Just as the National Military Family Month was in full swing in November, the Pearson Student Coding Contest received an entry from a U.S. Air Force (USAF) Academy cadet team made up mostly of computer science club members.
Not your typical students, we decided to take some time and chat with them and find out a little more about what motivates these bright students to code.
Not a lot of people know about the process to attend the USAF Academy, but it is an extremely competitive process. Each candidate must go through a rigorous selection process where they are vetted by academic and character standards. And they must receive a nomination to the Academy from a qualifying nominating entity, usually a U.S. Senator or State Representative.
Students who attend the USAF Academy are subject to a controlled and strict student lifestyle: their social calendars are controlled by their schooling. As upper class students, they are required to step up and mentor and guide younger cadets. When a typical college student might be sleeping in on a Saturday and making a decision about whether to attend a home football game, USAF Academy cadets are required to attend. They drill and eat meals in formation. They are required to learn combat athletics like ground fighting. Most learn to fly a plane. Swimming class is mandatory. For many, the USAF Academy is a challenge like they've never had before.
Cadet 2nd Class (equivalent to a 2nd year sophomore in other colleges) Jacob Cook, submitted an entry to the Pearson Student Coding Contest, with an idea to build an application using Pearson APIs. His team's idea included establishing on online resource where students could discover other teaching resources relevant to a course; particularly helpful to students who might require different teaching styles for subject mastery. Their team will go through a rigorous judging selection by Pearson and if they are selected, they will be invited to continue to code and demonstrate their app.
So who are these young people, who've not only dedicated their lives to the service of the U.S. Air Force while still in college, but who were also chosen to attend one of the most prestigious institutions in America? Turns out (at least for this group of young coders) that they're very much like other student coders. They like the challenge of coding and love problem solving.
I met with Cadet 2nd Class Nicholas Harron and Cadet 2nd Class Jacob Cook at the USAF Academy in Colorado Springs, CO for a quick tour and a chat. I wanted to find out more.
Cook, a native of Washington State, says he decided to attend the USAF Academy because he wanted to learn to fly and he knew that the Air Force Academy would not only offer him a guaranteed job, but also a job with variety. Most military members see several jobs, promotions and geographic duty stations in their careers. "I never even thought about programing until I entered a basic computer science class," Cook said, an Aeronautics Major. And he was hooked.
"I really enjoyed breaking down problems and never having to do it again. Programming is always about something different," he continued. "You determine a goal, then figure out how to do it. You can solve a problem with programming and never have to do it again. There are so many real world uses and challenges that can be solved with programming." Cook added.
Cook plans on being a pilot but feels that programming is a skill he'll have with him for life.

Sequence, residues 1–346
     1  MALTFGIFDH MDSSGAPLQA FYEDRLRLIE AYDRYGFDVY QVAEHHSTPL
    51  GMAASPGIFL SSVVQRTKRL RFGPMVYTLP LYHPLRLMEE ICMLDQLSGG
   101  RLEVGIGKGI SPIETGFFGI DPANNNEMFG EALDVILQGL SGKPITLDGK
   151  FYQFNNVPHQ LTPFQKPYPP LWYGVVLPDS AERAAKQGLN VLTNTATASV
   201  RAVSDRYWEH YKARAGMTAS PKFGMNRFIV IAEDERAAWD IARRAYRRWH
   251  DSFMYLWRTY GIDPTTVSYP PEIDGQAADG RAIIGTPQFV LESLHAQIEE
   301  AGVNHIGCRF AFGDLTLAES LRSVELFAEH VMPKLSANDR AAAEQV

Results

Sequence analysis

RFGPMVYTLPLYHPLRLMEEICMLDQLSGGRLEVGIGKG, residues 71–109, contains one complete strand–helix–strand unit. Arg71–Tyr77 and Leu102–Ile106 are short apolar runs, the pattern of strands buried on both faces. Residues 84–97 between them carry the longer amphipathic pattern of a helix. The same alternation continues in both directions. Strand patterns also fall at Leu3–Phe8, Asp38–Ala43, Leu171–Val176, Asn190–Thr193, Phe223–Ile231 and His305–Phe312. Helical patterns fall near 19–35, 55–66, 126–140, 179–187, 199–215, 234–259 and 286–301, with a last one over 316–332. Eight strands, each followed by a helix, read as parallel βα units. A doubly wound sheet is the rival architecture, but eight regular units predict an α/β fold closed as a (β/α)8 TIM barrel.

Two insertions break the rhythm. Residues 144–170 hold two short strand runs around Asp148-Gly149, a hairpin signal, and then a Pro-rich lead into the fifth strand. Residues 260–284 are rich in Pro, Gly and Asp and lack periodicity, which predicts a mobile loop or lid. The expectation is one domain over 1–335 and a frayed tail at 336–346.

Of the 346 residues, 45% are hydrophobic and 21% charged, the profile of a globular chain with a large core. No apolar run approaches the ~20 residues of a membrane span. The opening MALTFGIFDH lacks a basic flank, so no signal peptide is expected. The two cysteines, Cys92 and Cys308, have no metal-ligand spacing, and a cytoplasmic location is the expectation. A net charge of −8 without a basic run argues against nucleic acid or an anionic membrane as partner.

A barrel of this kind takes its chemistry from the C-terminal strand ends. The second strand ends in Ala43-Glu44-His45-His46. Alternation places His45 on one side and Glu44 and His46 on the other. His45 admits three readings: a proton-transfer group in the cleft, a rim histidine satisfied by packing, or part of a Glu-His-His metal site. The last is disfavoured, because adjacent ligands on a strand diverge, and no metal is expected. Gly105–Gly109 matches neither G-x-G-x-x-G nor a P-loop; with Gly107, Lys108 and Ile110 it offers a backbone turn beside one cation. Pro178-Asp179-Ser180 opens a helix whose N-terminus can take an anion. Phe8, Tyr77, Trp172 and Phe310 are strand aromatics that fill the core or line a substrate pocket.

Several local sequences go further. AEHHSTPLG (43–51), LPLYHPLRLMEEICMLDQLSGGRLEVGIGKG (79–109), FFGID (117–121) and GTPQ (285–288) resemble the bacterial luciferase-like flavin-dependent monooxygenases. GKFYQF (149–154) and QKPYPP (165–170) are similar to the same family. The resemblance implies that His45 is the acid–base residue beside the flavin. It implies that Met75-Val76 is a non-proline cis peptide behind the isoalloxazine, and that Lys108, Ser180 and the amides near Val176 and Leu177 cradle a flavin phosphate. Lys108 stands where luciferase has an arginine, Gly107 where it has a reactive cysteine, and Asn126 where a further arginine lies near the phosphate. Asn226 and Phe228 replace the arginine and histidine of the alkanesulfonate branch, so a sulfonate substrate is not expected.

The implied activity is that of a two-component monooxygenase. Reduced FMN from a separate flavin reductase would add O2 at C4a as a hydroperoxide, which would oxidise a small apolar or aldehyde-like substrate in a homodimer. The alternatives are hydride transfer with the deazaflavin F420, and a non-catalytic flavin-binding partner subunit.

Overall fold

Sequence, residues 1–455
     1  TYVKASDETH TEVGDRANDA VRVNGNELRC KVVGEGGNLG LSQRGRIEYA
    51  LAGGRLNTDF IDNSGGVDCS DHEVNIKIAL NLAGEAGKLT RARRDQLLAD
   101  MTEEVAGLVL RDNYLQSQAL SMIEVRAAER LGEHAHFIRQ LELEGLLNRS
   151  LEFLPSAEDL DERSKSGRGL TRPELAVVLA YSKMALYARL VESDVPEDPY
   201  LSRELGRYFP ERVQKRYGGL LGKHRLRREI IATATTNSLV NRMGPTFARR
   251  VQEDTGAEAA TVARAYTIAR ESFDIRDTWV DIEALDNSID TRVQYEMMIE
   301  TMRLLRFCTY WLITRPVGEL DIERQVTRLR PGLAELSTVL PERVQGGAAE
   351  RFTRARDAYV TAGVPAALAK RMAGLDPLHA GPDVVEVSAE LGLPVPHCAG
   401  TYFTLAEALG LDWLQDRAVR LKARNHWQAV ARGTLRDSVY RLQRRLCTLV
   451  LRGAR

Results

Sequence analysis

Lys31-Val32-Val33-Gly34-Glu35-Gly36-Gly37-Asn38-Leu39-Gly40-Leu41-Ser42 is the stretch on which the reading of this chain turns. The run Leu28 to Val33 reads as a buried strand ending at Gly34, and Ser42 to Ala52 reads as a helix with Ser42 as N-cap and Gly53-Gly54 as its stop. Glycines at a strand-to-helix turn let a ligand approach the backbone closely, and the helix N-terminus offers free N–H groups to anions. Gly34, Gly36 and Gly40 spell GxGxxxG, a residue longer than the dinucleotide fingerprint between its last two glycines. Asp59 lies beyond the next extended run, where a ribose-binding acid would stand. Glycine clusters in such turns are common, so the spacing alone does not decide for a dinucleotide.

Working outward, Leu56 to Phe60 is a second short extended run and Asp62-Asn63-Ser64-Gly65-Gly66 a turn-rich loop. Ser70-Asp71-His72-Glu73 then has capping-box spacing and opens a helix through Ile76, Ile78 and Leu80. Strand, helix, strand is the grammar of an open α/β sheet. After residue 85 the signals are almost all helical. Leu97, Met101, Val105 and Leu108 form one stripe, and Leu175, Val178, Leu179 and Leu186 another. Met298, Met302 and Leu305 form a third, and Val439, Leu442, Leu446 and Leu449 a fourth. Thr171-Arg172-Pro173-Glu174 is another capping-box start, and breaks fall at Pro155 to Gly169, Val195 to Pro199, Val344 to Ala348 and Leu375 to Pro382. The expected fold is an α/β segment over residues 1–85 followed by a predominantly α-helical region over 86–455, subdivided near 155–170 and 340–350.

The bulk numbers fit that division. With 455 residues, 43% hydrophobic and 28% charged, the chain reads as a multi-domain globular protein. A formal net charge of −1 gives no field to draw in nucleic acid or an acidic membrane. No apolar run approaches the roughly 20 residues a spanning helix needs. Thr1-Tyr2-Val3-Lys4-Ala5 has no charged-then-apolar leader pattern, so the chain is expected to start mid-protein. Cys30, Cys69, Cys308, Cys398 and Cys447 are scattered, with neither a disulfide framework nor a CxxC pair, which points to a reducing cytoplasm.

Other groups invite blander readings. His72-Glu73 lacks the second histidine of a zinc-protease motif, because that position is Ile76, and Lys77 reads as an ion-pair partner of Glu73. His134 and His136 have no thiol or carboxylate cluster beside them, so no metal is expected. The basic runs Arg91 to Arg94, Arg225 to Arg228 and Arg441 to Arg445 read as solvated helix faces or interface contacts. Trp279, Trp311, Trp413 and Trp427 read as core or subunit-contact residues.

Harron feels the same way about programming. Unlike Cook, he wants to be a Cyber officer in the Air Force and he's well on his way. He originally wanted to fly A-10s but after he got to see the "cyber" side, he wanted to "be a brain" for the Air Force. "The Air Force Academy was for me, the cheapest way to satisfy my engineering goal," Harron said.
Harron, the son of two Air Force Non-commissioned Officers, picked up coding quickly and started teaching others. He learned Java, then Python.
"With computer science, I can start with nothing and build something. The tools are so available in today's society. Programming can give you a sense of purpose and value for sure. And it gives you a marketable skill," Harron said. He's entered ACM Hacking competitions and is a very active member and leader in the computer science club at the Academy, which includes about 20 cadets.
So, what's a typical day look like for Cook and Harron? At 6:30 a.m., cadets have accountability formation. Cook leads a freshman squadron (Squadron 23) in 23 pushups before breakfast. Then they have morning minutes where they talk about news events and recite knowledge, which they are expected to know verbatim. Again, not your typical college daily life. Shooting and compass classes are part of the curriculum.
So how do they spend their free time? Do they have free time? Yes, while freshman are not allowed to leave the campus during the week, upper classmen have it a little more relaxed. Some upper classmen even have cars on campus and lend them to underclassmen. A senior can even sign out overnight. As cadets become more experienced, they gain more responsibility and trust, as would be expected for young people training to defend our nation.
My tour of the campus was complete with a tour of the Colonel Richard Gimbel Aeronautical Library collection, a collection on the history of balloon flight.
And, I was treated to a real-life demonstration by Harron of an Enigma Machine which resides at the Academy. The machine is very much like the one featured in the Summer 2015 movie, The Imitation Game, the Alan Turing Story. The Enigma machine was used by the Germans during WWII to send "uncrackable" code. The Enigma machine was also used by our Allied forces to decode messages sent by the Germans. Turing cracked that "uncrackable" code.
As we close the month of November, we wish the best of luck to the USAF Academy team as they move on to the next judging phase of our contest. I think they're up for it.